My electronics life began at the cusp of the IC, and valves were still being used in some applications, you could certainly still obtain them at every electronics store, so what amazes me most about SMD is their obvious tolerance to soldering temperature, both with an iron or especially with hot air.
How do they do that?!
DC coupling is the devils work!!
 

Offline newbrain

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Re: Do you hate blue resistors?
« Reply #59 on: March 26, 2020, 01:44:35 pm »
I'm not afraid of SMD because of the size, I don't use them because almost everything I make is a one-off or in small quantities so drawing a proper PCB, ordering it, waiting for it to arrive, etc., is a non-starter.
Same here about one-offs, but I'm using SMD more and more on protoboards: 0805 and 0603 fit perfectly in between 2.54mm pads!
1206, OTOH are too large and difficult to fit.
I very seldom use THT passives nowadays.
ICs get adapter boards (unless they can fit dying bug style - some legs down, some legs up...).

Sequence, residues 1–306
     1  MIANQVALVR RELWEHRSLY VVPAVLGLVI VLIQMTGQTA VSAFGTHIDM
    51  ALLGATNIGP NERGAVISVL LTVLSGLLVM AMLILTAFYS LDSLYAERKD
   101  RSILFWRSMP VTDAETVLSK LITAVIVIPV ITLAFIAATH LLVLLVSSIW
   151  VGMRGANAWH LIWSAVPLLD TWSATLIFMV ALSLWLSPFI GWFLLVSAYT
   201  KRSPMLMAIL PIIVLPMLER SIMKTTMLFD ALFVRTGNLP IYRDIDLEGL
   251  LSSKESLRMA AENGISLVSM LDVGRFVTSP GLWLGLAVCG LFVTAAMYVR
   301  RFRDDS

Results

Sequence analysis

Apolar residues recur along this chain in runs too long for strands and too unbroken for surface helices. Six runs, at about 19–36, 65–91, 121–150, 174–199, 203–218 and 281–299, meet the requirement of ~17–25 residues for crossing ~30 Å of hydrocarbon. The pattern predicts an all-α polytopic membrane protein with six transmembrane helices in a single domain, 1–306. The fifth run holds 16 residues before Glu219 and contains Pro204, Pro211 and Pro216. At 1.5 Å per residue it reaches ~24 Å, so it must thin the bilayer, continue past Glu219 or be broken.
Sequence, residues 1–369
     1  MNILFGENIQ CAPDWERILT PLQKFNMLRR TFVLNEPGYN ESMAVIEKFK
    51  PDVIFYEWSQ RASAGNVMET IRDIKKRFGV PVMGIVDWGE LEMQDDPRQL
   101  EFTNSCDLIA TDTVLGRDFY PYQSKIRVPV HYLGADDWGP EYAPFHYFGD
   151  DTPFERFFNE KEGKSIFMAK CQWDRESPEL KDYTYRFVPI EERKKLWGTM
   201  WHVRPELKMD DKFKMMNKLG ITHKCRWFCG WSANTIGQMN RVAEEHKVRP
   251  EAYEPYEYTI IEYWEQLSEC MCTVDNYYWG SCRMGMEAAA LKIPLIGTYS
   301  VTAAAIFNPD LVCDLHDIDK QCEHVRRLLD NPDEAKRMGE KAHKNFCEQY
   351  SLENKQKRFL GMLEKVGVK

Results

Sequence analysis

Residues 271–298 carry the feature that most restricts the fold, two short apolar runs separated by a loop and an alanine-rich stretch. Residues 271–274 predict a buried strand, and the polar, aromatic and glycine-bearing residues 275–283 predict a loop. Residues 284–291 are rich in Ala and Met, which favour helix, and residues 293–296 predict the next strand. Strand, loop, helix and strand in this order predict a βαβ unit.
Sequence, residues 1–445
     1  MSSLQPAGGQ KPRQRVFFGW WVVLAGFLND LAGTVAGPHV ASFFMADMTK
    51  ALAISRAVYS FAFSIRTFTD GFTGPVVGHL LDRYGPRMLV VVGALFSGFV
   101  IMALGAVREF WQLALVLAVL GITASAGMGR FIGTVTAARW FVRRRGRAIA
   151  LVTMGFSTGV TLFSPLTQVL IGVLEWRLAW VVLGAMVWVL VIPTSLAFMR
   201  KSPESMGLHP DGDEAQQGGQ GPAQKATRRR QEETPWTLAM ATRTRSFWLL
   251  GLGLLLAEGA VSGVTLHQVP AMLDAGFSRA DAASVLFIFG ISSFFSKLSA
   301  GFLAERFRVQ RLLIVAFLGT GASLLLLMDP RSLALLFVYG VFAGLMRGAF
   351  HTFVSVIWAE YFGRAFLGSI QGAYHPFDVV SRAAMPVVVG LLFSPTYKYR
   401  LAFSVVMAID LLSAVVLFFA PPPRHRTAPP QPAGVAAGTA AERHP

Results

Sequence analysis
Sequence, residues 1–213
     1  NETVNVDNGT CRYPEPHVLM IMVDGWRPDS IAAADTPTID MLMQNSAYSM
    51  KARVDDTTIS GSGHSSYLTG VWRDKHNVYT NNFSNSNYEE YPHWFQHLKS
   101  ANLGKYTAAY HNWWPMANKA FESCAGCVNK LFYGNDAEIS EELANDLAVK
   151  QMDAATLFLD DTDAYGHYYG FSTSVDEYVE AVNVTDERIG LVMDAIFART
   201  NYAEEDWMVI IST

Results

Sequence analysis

956918-0
Not the best to look at, but workable if you don't want to wait for a proper PCB.

Nandemo wa shiranai wa yo, shitteru koto dake.
 

Online SiliconWizard

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Re: Do you hate blue resistors?
« Reply #60 on: March 26, 2020, 03:15:33 pm »
Same here about one-offs, but I'm using SMD more and more on protoboards: 0805 and 0603 fit perfectly in between 2.54mm pads!
1206, OTOH are too large and difficult to fit.

Yeah. But there's a lot of SMD proto boards these days. They used to be a bit expensive, but now you can find them for pretty cheap through Aliexpress/eBay and the like. Most are 1.27mm pitch, with which you can do a lot, and for finer pitch ICs, you can use adapter boards (also easily available), or solder tiny wires on the pads for QFNs for instance (a bit annoying, but quite doable with a soldering microscope and a steady hand).